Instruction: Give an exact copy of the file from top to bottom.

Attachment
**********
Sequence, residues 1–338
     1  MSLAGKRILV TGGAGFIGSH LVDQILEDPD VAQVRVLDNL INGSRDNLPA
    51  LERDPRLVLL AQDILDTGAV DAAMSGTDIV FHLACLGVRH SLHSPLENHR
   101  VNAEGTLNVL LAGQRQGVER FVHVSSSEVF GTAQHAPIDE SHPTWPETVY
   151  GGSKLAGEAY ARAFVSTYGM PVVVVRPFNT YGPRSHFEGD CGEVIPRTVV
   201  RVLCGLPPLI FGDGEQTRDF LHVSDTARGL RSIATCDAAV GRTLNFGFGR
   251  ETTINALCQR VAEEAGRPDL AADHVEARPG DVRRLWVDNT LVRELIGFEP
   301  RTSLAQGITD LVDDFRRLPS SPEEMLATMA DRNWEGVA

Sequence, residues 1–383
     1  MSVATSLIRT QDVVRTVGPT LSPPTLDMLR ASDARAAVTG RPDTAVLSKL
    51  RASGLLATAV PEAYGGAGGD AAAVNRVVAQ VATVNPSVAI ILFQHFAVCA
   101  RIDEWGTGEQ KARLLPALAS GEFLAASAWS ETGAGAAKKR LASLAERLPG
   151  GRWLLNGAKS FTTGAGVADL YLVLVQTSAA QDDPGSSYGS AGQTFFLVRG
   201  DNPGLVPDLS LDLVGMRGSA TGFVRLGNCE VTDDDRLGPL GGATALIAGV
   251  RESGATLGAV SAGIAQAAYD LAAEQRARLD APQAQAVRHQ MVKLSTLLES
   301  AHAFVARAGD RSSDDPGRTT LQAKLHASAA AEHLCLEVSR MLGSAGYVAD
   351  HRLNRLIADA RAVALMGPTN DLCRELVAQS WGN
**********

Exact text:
Sequence, residues 1–338
     1  MSLAGKRILV TGGAGFIGSH LVDQILEDPD VAQVRVLDNL INGSRDNLPA
    51  LERDPRLVLL AQDILDTGAV DAAMSGTDIV FHLACLGVRH SLHSPLENHR
   101  VNAEGTLNVL LAGQRQGVER FVHVSSSEVF GTAQHAPIDE SHPTWPETVY
   151  GGSKLAGEAY ARAFVSTYGM PVVVVRPFNT YGPRSHFEGD CGEVIPRTVV
   201  RVLCGLPPLI FGDGEQTRDF LHVSDTARGL RSIATCDAAV GRTLNFGFGR
   251  ETTINALCQR VAEEAGRPDL AADHVEARPG DVRRLWVDNT LVRELIGFEP
   301  RTSLAQGITD LVDDFRRLPS SPEEMLATMA DRNWEGVA

Sequence, residues 1–383
     1  MSVATSLIRT QDVVRTVGPT LSPPTLDMLR ASDARAAVTG RPDTAVLSKL
    51  RASGLLATAV PEAYGGAGGD AAAVNRVVAQ VATVNPSVAI ILFQHFAVCA
   101  RIDEWGTGEQ KARLLPALAS GEFLAASAWS ETGAGAAKKR LASLAERLPG
   151  GRWLLNGAKS FTTGAGVADL YLVLVQTSAA QDDPGSSYGS AGQTFFLVRG
   201  DNPGLVPDLS LDLVGMRGSA TGFVRLGNCE VTDDDRLGPL GGATALIAGV
   251  RESGATLGAV SAGIAQAAYD LAAEQRARLD APQAQAVRHQ MVKLSTLLES
   301  AHAFVARAGD RSSDDPGRTT LQAKLHASAA AEHLCLEVSR MLGSAGYVAD
   351  HRLNRLIADA RAVALMGPTN DLCRELVAQS WGN